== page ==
Proportion of hits at crossings with flashing lights, clanging bells and/or gates: almost half

Proportion of train-struck vehicles dodging gates: one in 14.

Number of 1991 accidents blamed on alcohol or drugs: 9.

Number of 1991 pedestrians hit 92. Number killed: 55.

Number unscathed: O.

Stop-press geography

The shifting political map of Eurasia has been “both a blessing and a curse” for mapmakers, according to John Shupe, chief cartographer of the National Geographic Society in Washington. Shupe says that he and his 72 staff colleagues are grateful to be “gainfully employed” keeping abreast of politics from the Baltic to the Balkans, with the old Soviet Union and Yugoslavia in flux. But the situation has prompted his department to produce limited 7,000-copy runs of its standard world map every few months, instead of an annual printing of up to 90,000 copies. At Rand McNally in Skokie, Al., Michael Dobson, vice-president of creative services, said that “almost everything we produce has been put on the revision list” The company presciently stopped the presses on an atlas last year to register the independence of the Baltic states. Dobson, who said that his company’s editorial board at times faces difficult decisions redrawing boundaries, added that he is not overly concerned about mapping Canada “For that one,” he said, referring to the impending Quebec referendum, “we’re waiting for the vote.”

High-key patriotism

With political dispute risking Canada’s very survival, students at Trent University in Peterborough, Ont., are reviving a patriotic campaign: they want the Maple Leaf flag flown on campus regularly, instead of only rarely, and then usually at half-

mast A first effort failed a year and Chris Feige appealed to John Stubbs, the school president. A rejection, signed by J. Graham Cogley, then chairman of the Site Development and Space Utilization Committee, explained: ‘The reasons behind our decision were best summarized by a Committee member who said that it was possible to love Canada without saluting its flag every day. The same member said that he grew up in an atmosphere of ‘low-key nationalism,’ in which flying the flag was regarded as something done in America.”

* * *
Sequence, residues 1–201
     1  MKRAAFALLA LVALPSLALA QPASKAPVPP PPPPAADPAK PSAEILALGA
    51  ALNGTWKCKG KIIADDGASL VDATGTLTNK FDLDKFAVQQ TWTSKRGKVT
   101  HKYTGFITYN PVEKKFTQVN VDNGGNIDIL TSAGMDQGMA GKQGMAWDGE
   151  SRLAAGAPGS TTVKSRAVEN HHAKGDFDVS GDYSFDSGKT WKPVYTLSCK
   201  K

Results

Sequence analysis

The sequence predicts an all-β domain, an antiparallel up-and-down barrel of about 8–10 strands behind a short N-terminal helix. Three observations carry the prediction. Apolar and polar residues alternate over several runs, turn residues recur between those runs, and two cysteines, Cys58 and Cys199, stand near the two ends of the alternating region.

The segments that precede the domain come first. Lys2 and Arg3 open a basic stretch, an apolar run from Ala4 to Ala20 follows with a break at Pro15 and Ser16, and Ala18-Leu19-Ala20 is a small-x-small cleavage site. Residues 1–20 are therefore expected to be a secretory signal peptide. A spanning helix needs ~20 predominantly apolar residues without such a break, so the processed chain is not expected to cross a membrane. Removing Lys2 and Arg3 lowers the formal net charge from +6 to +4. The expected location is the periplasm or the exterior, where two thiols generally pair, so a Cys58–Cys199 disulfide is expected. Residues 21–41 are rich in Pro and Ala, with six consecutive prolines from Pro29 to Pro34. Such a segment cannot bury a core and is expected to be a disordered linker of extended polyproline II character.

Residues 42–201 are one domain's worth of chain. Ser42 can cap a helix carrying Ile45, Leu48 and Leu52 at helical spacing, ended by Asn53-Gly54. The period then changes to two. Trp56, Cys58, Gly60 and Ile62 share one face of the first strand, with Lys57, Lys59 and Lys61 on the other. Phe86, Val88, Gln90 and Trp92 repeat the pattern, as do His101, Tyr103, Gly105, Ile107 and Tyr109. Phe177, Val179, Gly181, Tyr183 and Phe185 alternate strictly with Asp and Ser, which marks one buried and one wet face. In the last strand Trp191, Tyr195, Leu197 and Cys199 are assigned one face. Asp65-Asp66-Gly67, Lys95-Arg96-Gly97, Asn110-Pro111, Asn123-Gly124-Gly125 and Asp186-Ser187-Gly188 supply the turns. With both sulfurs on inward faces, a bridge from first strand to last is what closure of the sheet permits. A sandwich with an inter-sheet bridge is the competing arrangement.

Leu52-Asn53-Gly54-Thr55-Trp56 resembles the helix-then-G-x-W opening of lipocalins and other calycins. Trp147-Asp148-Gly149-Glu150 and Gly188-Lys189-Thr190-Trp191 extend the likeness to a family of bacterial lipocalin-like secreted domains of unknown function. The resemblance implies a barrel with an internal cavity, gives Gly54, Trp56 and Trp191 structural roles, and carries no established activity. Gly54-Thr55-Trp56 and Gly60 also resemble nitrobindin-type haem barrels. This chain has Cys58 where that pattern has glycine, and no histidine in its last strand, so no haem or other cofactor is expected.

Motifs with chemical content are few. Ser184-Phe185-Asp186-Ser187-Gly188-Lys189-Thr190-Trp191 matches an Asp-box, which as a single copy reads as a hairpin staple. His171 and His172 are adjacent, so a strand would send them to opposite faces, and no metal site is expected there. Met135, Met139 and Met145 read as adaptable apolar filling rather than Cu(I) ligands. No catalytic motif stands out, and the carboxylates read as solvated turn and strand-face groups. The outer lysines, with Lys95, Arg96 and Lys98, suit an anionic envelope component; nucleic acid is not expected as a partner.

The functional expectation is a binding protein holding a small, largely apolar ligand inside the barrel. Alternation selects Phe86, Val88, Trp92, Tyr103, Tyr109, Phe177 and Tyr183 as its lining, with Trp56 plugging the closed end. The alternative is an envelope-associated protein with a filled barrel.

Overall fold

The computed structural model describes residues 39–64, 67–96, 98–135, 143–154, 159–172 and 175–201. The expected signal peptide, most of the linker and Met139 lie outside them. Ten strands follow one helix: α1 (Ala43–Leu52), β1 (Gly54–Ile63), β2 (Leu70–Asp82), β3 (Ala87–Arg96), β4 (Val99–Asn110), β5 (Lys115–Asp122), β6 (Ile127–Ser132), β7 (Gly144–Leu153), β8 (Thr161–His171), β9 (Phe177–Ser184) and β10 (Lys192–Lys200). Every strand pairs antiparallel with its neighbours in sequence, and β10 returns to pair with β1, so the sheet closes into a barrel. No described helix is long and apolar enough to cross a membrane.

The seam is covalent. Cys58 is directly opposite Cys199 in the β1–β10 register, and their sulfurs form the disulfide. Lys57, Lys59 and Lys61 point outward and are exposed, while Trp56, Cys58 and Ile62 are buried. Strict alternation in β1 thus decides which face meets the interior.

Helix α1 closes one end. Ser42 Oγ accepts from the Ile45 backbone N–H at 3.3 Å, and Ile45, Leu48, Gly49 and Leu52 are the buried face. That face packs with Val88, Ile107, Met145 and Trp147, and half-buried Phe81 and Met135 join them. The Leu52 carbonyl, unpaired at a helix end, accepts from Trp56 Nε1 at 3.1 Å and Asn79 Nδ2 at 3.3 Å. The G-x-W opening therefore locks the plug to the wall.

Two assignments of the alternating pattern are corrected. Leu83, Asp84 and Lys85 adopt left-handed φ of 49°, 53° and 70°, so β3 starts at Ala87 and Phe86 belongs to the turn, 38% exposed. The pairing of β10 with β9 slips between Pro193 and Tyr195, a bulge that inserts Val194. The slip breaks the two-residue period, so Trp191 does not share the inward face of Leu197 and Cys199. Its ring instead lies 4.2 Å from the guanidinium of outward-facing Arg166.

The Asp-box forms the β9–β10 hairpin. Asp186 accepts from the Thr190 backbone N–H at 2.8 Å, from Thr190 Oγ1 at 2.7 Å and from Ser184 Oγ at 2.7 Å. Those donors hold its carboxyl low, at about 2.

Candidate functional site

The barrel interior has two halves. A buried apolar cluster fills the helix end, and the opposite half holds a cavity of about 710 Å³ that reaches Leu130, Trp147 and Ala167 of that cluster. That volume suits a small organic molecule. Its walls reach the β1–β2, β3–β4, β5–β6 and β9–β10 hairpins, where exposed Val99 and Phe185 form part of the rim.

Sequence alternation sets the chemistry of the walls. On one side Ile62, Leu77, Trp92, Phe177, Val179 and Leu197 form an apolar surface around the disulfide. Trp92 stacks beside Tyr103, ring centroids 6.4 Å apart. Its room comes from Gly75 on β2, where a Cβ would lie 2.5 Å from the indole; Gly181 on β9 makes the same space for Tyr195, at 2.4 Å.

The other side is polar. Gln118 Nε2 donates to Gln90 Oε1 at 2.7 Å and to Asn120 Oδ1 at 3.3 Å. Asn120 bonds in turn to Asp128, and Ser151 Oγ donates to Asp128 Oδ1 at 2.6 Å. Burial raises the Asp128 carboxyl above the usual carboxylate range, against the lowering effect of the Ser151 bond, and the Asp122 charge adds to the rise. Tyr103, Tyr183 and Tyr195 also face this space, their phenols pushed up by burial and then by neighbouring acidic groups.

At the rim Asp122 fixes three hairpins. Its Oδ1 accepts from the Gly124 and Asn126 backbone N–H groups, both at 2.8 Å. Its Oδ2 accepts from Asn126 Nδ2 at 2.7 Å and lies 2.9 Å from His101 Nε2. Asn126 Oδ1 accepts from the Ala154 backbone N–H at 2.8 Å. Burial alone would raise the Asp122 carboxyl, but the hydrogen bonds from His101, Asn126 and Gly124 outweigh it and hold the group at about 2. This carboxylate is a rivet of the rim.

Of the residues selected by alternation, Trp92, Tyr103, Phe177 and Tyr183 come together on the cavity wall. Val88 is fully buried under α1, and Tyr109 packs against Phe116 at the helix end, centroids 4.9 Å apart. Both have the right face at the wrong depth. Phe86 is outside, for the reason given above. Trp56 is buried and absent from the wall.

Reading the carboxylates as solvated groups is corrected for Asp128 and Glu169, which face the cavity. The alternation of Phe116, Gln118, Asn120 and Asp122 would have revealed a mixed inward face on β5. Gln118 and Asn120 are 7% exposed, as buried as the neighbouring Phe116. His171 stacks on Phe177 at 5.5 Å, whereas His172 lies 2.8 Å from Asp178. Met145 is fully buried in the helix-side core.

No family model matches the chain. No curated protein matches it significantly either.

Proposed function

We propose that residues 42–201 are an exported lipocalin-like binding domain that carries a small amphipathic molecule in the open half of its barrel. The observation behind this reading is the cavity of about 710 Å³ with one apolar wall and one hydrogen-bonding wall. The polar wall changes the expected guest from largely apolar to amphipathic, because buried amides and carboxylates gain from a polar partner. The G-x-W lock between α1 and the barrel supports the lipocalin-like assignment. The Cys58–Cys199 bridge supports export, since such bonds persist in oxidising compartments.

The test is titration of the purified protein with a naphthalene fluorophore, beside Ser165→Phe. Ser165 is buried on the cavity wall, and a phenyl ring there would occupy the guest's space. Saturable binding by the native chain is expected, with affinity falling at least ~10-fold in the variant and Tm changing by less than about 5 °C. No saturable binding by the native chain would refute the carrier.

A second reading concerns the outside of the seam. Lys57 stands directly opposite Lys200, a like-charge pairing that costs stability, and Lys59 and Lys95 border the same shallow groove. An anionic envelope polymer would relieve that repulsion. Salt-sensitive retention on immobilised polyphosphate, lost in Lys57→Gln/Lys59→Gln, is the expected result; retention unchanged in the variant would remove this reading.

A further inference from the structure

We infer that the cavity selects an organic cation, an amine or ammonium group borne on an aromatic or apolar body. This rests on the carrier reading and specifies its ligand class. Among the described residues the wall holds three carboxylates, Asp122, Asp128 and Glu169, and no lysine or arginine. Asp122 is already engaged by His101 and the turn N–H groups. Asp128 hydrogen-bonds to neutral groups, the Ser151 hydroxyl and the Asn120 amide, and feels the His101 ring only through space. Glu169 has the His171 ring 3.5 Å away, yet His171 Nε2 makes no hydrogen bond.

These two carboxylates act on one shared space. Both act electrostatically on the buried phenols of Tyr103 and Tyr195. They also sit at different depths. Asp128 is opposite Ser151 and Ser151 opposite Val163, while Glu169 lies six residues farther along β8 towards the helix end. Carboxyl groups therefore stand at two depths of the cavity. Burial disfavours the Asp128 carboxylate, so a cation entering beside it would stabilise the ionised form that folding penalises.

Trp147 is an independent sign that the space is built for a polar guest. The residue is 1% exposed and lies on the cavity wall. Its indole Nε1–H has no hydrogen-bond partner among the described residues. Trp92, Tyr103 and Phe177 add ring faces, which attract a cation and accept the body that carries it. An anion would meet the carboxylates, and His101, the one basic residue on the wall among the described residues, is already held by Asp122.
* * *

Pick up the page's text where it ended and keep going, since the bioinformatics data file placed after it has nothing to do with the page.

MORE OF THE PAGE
ago after students Paul Barnard

‘Cheers’ and ‘Nazdarovia!’

With Nova Scotia lobster and Russian champagne on hand, the grand opening of Moscow’s Aerostar Hotel was a highlight in a city where gala events are rare. As hundreds of well-dressed Russian and foreign guests thronged the marbled lobby and mezzanines of the 417-room hotel on March 26, host Ken Rowe seemed jittery. Rowe is the president of Halifax-based IMP Group Ltd. In partnership with Aeroflot Russia’s state airline, IMP spent $30 million during the past 30 months to transform an unfinished building in north-central Moscow into a luxury hotel. Rowe’s jitters arose from a friendly bet with Viktor Tikhonov, chairman of Aeroflot’s commercial department

With a bottle of whisky as the stake, each man had bet that he could deliver a better speech—Tikhonov speaking English and Rowe in Russian. In the event Rowe won by default as Tikhonov made his remarks entirely in Russian. Then, to the delight of the crowd, Rowe delivered half his speech in heavily accented but comprehensible Russian. Rowe later told Maclean’s that he began studying Russian two years ago and takes two lessons weekly in his Halifax office. An Aerostar official disclosed that Rowe had been working on his maiden speech in Russian for at least three months. Said Rowe: “I will go to any lengths to win a bottle of whisky.”